Revoke Article 50 petition: Conspiracy theories abound after 'cancel Brexit' campaign website crashes

Anthony Cuthbertson
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Revoke Article 50 petition: Conspiracy theories abound after 'cancel Brexit' campaign website crashes

Revoke Article 50 petition: Conspiracy theories abound after 'cancel Brexit' campaign website crashes

An online petition to halt the Brexit process by revoking Article 50 has crashed, prompting conspiracy theories from both sides of the divide.

The petition had received more than 600,000 signatures and was trending across social media when it first went down on Thursday morning,

Visitors to the website were greeted with an error message that stated: "Petitions is down for maintenance. We know about it and we're working on it. Please try again later."

The online petition originally stated: "The government repeatedly claims exiting the EU is 'the will of the people'. We need to put a stop to this claim by proving the strength of public support now, for remaining in the EU. A People's Vote may not happen – so vote now."

In the hours before it crashed, the petition was attracting tens of thousands of new signatures every hour, suggesting the cause of the website going down was simply an overload of traffic.

This hasn't stopped speculation that there may be another reason for the outage, with some Twitter users suggesting that there may be darker forces at work.

"Is anybody getting error messages when trying to complete the revoke petition?" asked Remain campaigner UK4Europe on Twitter. "Could be volume – or something more suspicious."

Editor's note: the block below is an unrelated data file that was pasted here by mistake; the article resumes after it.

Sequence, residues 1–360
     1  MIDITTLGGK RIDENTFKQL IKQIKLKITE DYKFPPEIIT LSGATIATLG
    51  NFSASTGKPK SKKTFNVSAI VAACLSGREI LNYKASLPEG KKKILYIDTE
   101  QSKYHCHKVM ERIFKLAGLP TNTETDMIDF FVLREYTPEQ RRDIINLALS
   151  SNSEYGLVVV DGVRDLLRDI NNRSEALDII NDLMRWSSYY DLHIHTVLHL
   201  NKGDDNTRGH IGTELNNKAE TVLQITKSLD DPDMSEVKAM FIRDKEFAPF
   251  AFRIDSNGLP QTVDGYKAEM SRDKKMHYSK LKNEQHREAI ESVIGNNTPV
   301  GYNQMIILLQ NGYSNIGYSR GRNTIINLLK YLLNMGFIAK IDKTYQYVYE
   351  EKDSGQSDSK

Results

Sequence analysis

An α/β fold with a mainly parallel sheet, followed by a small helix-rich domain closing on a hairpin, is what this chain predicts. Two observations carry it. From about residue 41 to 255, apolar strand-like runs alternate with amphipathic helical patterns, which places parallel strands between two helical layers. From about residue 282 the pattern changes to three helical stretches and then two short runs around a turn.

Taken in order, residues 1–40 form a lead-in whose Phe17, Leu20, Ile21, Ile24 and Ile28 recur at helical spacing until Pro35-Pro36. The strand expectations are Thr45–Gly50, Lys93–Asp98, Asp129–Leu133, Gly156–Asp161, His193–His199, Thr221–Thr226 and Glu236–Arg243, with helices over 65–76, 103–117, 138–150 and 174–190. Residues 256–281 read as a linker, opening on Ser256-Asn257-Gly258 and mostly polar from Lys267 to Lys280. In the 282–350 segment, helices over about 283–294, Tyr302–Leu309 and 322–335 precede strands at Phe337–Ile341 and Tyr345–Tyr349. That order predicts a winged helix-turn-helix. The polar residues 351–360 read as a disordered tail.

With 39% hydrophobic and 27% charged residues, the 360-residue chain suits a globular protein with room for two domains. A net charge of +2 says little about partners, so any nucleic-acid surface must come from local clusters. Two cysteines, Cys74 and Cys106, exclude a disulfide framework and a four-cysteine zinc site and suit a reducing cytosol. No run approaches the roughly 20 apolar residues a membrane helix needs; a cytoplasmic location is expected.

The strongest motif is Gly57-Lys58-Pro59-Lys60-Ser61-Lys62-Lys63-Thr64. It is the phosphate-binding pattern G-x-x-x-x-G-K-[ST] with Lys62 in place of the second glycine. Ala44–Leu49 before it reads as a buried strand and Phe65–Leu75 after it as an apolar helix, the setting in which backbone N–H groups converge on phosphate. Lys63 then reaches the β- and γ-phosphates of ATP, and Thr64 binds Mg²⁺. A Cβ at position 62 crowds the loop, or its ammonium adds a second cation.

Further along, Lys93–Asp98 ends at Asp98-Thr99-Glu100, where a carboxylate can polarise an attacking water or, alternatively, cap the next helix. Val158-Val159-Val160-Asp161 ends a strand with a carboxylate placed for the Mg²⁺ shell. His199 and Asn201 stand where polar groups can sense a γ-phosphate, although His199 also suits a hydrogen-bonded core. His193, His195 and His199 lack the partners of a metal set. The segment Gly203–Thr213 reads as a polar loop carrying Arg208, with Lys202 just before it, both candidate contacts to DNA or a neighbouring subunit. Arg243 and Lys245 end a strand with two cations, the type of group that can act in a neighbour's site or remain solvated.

One theory is that pro-Brexit campaigners could have carried out a distributed denial of service (DDoS) attack, whereby a website is flooded with fake web traffic in order to overload it.

However, if a significant number of people are legitimately trying to access the website at the same time – with those that cannot reach it refreshing the page – then the effect would be exactly the same.

Other conspiracy theories surrounding the petition claim that Remain campaigners have been adding fake signatures in an attempt to boost numbers.

"The petition saw a suspicious jump in signatures last night, with blatantly fake signatures arising everywhere from Russia, to Afghanistan, to North Korea," an article on right-wing blog Guido Fawkes stated.

The petition comes as Prime Minister Theresa May heads to Brussels in an attempt to negotiate a delay to Brexit.

The UK's current default position is that it crashes out of Europe without a deal on 29 March.

Calls to revoke Article 50 – the process by which an EU member state can voluntarily leave the union – have grown in recent weeks as a result of the prospect of a no-deal Brexit.

Foreign Secretary Jeremy Hunt has not ruled out the possibility of revoking Article 50 but said it was "highly unlikely".

Regardless of whether the petition is able to attract more signatures, it had already reached its goal of prompting the government to take notice.

Parliament must consider any petition that receives more than 100,000 signatures for a debate.